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HomeArchiveAnother Ex-President Implicated Corruption Scandal Broadens

Another Ex-President Implicated Corruption Scandal Broadens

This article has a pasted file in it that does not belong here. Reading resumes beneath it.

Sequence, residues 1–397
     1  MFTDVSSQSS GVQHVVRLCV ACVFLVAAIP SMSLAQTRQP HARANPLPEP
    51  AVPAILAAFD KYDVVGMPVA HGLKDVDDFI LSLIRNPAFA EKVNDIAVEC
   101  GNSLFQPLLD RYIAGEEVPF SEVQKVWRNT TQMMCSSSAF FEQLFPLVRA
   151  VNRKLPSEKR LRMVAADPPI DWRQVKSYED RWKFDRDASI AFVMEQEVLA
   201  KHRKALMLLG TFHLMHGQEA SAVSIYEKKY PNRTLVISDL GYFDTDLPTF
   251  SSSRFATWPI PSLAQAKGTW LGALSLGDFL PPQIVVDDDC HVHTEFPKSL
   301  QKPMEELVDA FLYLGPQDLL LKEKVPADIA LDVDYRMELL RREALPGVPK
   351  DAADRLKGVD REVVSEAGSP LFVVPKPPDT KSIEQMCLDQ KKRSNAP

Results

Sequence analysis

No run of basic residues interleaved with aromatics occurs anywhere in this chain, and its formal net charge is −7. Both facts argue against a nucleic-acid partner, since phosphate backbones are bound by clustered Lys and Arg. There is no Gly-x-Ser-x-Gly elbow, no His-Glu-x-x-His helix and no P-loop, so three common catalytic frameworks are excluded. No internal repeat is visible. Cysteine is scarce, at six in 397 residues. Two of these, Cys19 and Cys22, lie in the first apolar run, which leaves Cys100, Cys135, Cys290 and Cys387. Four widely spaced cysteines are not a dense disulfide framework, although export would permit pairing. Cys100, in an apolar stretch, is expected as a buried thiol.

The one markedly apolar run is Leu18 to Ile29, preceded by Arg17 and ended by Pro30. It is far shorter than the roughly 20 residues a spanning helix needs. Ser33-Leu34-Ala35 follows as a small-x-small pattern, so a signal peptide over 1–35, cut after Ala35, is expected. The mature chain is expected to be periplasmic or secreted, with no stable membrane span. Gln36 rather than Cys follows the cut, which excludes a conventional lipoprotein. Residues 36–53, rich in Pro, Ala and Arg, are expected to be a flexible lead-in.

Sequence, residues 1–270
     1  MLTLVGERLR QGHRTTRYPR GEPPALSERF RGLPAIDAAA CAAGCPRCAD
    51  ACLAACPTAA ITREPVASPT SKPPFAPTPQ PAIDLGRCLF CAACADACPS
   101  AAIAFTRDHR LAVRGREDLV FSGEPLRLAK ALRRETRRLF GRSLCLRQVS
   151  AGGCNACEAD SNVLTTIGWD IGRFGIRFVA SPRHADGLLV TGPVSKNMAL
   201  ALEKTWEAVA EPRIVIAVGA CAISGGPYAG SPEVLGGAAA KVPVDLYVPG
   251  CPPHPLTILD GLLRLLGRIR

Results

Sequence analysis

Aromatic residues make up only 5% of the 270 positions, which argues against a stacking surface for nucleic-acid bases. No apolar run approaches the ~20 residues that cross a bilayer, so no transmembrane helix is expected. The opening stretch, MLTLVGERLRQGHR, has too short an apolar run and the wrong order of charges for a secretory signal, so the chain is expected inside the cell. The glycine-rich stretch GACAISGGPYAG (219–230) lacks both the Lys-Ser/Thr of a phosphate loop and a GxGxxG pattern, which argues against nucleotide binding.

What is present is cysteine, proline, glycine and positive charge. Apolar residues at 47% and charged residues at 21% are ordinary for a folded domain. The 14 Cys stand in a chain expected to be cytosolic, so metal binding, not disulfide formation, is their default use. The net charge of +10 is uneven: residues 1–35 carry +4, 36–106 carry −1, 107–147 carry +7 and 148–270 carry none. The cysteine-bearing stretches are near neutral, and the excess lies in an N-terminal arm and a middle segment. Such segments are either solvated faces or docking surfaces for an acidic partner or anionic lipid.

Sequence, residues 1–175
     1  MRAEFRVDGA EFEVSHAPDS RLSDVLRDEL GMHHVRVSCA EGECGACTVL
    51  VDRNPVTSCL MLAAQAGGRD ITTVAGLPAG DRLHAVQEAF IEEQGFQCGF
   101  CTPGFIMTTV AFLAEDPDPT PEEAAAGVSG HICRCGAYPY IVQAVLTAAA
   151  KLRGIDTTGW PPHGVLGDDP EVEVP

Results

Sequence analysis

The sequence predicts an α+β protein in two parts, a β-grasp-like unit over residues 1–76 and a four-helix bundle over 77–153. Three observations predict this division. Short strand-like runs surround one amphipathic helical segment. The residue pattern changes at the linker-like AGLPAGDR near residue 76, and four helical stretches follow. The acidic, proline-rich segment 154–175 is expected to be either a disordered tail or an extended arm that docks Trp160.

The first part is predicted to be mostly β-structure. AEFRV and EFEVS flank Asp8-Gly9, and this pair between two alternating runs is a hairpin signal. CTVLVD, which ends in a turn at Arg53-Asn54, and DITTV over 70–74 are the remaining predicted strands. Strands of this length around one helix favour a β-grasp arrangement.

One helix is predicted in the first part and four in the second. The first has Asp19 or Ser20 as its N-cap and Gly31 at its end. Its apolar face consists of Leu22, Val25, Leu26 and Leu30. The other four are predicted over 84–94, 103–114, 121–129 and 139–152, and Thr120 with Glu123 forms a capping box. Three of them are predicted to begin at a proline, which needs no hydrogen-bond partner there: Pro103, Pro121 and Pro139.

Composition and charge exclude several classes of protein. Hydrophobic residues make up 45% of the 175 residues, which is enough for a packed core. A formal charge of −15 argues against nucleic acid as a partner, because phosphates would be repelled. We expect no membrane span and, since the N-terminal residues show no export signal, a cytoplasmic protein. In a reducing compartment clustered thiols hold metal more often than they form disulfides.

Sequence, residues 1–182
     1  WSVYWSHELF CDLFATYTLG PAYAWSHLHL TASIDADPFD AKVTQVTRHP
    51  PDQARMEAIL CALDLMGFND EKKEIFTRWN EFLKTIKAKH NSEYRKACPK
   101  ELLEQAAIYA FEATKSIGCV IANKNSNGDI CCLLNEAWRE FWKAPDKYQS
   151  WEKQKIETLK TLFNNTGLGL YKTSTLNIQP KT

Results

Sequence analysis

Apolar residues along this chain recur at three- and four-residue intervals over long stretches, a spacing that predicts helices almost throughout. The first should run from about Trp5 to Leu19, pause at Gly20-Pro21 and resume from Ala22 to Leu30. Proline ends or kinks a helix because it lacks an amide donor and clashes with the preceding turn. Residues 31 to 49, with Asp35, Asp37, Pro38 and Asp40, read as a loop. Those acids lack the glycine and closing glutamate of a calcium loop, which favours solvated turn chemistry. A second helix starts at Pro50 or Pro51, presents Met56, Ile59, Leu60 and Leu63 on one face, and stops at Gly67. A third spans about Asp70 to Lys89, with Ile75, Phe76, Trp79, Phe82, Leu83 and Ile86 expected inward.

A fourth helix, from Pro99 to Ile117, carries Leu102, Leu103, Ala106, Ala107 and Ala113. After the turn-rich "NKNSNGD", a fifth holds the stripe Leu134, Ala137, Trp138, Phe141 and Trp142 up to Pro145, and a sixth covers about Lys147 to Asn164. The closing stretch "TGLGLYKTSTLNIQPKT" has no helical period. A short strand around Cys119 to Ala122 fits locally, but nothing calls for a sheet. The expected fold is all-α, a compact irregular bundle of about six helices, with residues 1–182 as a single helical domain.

President Abel Pacheco and the LegislativeAssembly this week both requested the resignationof the Secretary General of theOrganization of American States (OAS) – formerCosta Rican President Miguel ÁngelRodríguez – after accusations that he acceptedbribes in connection with a government contractwith a French telecommunications company.A former board member of the Costa RicanElectricity Institute (ICE), José Antonio Lobo, toldthe Prosecutor’s Office on Sept. 30 that Rodríguezhad claimed 60% of a $2.4 million “prize” the Frenchtelecom firm Alcatel was awarding for a contract itreceived in 2001 to supply ICE, the state telecommunicationsmonopoly, with 400,000 cell phone lines.According to Lobo, who has been placed underhouse arrest, Rodríguez said Lobo would receive theother 40%.Prosecutors are investigating Lobo and other formerofficials in connection with a growing ICE corruptionscandal (see separate story).“SIMPLY the idea that a government leader ofCosta Rica, in conformity with these affirmations, couldhave been a beneficiary of such an act, generates profoundconsternation,” Pacheco said to Rodríguez in a letter requesting his resignation, which theCasa Presidencial released Monday. “Youknow that presenting yourself before thebodies that investigate the case is yourindelible judicial responsibility; separatingyourself from your high duty is yourunpostponable moral duty.”Rodríguez, who served as Presidentfrom 1998-2002, admitted Thursday nightto the daily newspaper La Nación that hehad received $140,000 transferred fromLobo, but said it was a “personal loan,”which he used to finance his campaign forsecretary general of the OAS.However, Chief Prosecutor FranciscoDall’Anese told La Nación his office hasevidence that disproves Rodríguez’sexplanation.The OAS secretary general respondedto President Pacheco’s request in a letterthat said, “I am sure you will understandthe essential presumption of innocenceuntil the opposite is demonstrated.”Rodríguez took his new post inWashington D.C. on Sept. 15 (TT, Sept.17).ON Monday, 43 of 47 legislators presentat the Legislative Assembly approveda measure officially requestingRodriguez’s resignation.Foreign Minister Roberto Tovar onTuesday said the Prosecutor’s Office mustestablish official accusations againstRodríguez, and then they would have alegal basis to officially request his returnto Costa Rica. For the time being, however,they cannot present a case before theOAS based on “newspaper clippings,” hesaid.Tovar told the press that the people ofCosta Rica would like to see Rodríguezreturn to the country to offer explanationsfor the accusations.“They want former PresidentRodríguez to present himself before thecourts like any other Costa Rican,” Tovarsaid. “I am sure the formulation of chargeswill come very soon.”In a statement released by the JudicialBranch in response to the announcementsat Tuesday’s Cabinet meeting, ProsecutorDall’Anese said, “The Prosecutor’s Officewill continue analyzing this matter. It hasyet to make a decision. The EconomicCrimes Prosecutor is analyzing the declarationsMr. Rodríguez gave yesterday.”NUMEROUS Latin American leaders,including Mexico’s Foreign MinisterLuis Ernesto Derbez and HonduranPresident Ricardo Maduro, haveannounced their support for Pacheco’sdemand that Rodríguez offer immediateexplanations.“If they confirm the accusations, heshould resign,” Derbez told AgenceFrance Press (AFP) wire service.U.S. Secretary of State Colin Powelltold the press the United States is followingthe case “with interest.”In his letter, Rodríguez, who was electedPresident on the platform of the SocialChristian Unity Party (PUSC) – the sameparty as President Pacheco – said he wouldreturn to Costa Rica to face justice, but hedid not specify when that would be.The revelation of Rodríguez’s allegedinvolvement, two weeks after he assumedthe office of secretary general of the 34-member OAS, came just days after LaNación reported a corruption scandal inICE, now under government investigation(see separate story).THOSE reports follow on the heels ofnewspaper reports linking formerPresident Rafael Ángel Calderón, also ofthe Unity Party, to alleged payments –made after his term as President – in thescandal sweeping the Social SecuritySystem (Caja), which oversees thenation’s public health-care system (seeseparate story).Some analysts called the Caja scandalthe worst in decades, while others now saythe alleged payoffs to Rodríguez are muchmore devastating to Costa Rica’s internationalimage.Mario Carazo, vice-president of thelocal chapter of TransparencyInternational, which produces a widelyrespected annual Corruption PerceptionIndex, said the involvement of high-echelongovernment officials in such a scandalwould likely have an extremely destructiveeffect on Costa Rica’s internationalreputation.Carazo compared the alleged payoffsto “mafia” activity, saying such corruptionis the result of a “ring of organized crime.”“To have two former Presidents…atleast identified within that ring, is in itselfshattering,” Carazo, himself a former legislativedeputy of the Unity Party, told TheTico Times.COSTA Rica’s rating has been steadilydeclining on the organization’s corruptionindex, according to reports on theorganization’s Web site Costa Rica has slid from an internationalranking of 22 in 1997, when thecountry scored 6.45 points on a scale of 1-10, to a ranking of 50 in 2003, when thecountry scored just 4.3 of 10 points.Carazo said the decline in ranking ispartially due to the fact that more countrieshave been added to the index, but also hasto do with a lack of government transparencyand the country’s delay in passingthe Law Against Illicit Enrichment andCorruption, which the LegislativeAssembly had reviewed since August1999.He said Costa Rica has distinguisheditself as “a Latin American country that isabove all other Latin American countriesexcept Chile and Uruguay,” and that sucha reputation may have been destroyed bythe scandals.PRESIDENT Pacheco this weeksigned the anti-corruption law Carazomentioned. The assembly approved thelaw last month (TT, Sept. 24).Pacheco, who in the past has said hewould “cut off the hands” of corrupt officials,said a strong response to the currentcorruption crisis is the only way torestore Costa Rica’s international image,which he now concedes has been taintedby scandal.He said he is embarrassed about theallegations against Rodríguez.“The indignation is profound,”Pacheco said. “Here, we have been victimsof a barbarous crash in our democracy.”“I campaigned for him to thePresidents of the Americas, and now I look ridiculous,” Pacheco said.President Pacheco himself is underscrutiny for allegedly having receivedquestionable campaign contributions fromforeign companies, including the recentlyreported $100,000 deposited into theaccount of Second Vice-President LuisFishman by the French company Alcatel(TT, Oct. 1).This week, Pacheco made a call to theprivate business sector, saying that governmentcorruption is not possible withoutprivate backing.“There isn’t a corrupt person in publicservice without a corruptor from the privatesector,” Pacheco said during hisSunday radio announcement.ACCORDING to Lynda Solar, generalmanager of the Costa Rican-AmericanChamber of Commerce (AmCham),bribery in Costa Rica, especially by “manyEuropean companies,” has always been “apart of the landscape.”She said the size of Costa Rica’s publicsector makes corruption more likely.“When you have a public sector thatbig, it is a very fertile ground for corruption,”Solar said. “Many employees whodidn’t obtain jobs in the private sector goto the public sector, and they’re makingvery low salaries.”However, she said it is vital the currentscandals do not paralyze the country, andthat a “witch hunt” for corrupt officialswould likely do more harm than good.Evita Arguedas, president of the CostaRican Chamber of Commerce, said corruptionis a two-way street.“There isn’t a corruptor in the privatesector who can work without someone inthe public sector to receive the money,”Arguedas said in response to Pacheco’scomments.Solar agreed, saying “It takes two totango.”Arguedas said it is important for allemployees to speak out against corruption,and that total transparency is needed tocombat the problem.